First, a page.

Senate Votes to Overturn School Accountability Rule Under Every Student Succeeds Act
Yesterday, POLITICO’s Caitlin Emma and Michael Stratford reported that the United States Senate voted 50-49 to overturn a rule created by the Obama administration under the 2015 Every Student Succeeds Act regarding school accountability for student progress. The resolution has already passed the House, and will now advance to the White House to be signed by President Trump.
The Senate vote was strongly opposed by business groups, labor unions and civil rights groups, who all argued that “the rule developed under the 2015 law…is key to efforts to close the achievement gap between poor and minority students and their white, more affluent peers.” Republican Senator Rob Portman of Ohio joined Senate Democrats in opposing the measure, agreeing with the groups that some federal oversight is critical to ensuring that state and local school officials provide equal opportunity to disadvantaged students. Additionally, the Every Student Succeeds Act remains in place, so repeal of the implementation regulations is likely to “throw states into chaos and confusion while they’re stuck in the thick of designing new plans…”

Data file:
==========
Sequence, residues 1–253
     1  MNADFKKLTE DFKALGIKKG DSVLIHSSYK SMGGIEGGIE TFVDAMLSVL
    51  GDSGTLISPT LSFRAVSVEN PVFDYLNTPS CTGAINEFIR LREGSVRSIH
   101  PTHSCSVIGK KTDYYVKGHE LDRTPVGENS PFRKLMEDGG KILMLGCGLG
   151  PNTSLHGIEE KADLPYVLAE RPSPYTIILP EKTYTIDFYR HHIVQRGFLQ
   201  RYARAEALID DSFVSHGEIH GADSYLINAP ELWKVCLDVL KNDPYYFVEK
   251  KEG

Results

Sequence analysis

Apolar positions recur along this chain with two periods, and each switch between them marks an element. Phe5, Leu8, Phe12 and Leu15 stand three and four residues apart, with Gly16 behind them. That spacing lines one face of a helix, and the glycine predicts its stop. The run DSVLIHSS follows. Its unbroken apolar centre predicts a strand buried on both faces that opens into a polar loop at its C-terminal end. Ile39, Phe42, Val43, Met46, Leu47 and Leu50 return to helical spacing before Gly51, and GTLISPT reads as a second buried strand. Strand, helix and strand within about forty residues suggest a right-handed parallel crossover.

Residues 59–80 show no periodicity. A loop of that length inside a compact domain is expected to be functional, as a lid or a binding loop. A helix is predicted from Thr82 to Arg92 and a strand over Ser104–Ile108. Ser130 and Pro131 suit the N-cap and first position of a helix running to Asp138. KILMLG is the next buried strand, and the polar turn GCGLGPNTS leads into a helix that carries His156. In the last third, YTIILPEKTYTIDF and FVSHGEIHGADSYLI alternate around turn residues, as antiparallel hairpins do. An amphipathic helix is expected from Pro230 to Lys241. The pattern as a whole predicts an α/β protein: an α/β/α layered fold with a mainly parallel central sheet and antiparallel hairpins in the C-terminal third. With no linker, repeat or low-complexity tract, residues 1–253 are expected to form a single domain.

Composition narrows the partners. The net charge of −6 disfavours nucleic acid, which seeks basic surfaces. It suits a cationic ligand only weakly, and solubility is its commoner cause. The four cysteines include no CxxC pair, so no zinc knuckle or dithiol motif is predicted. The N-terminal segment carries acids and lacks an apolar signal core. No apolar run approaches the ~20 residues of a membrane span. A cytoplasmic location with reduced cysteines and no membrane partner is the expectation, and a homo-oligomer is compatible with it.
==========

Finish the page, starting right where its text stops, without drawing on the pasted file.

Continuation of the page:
This change in measuring school accountability makes California’s upcoming deadline to publish the pilot of its school and student performance indicators even more important. Regardless of changes to the implementing regulations, ESSA requires California — and every other state — to ensure that schools are accountable for all of their students — regardless of zip code or background — and that information is accessible to parents and families.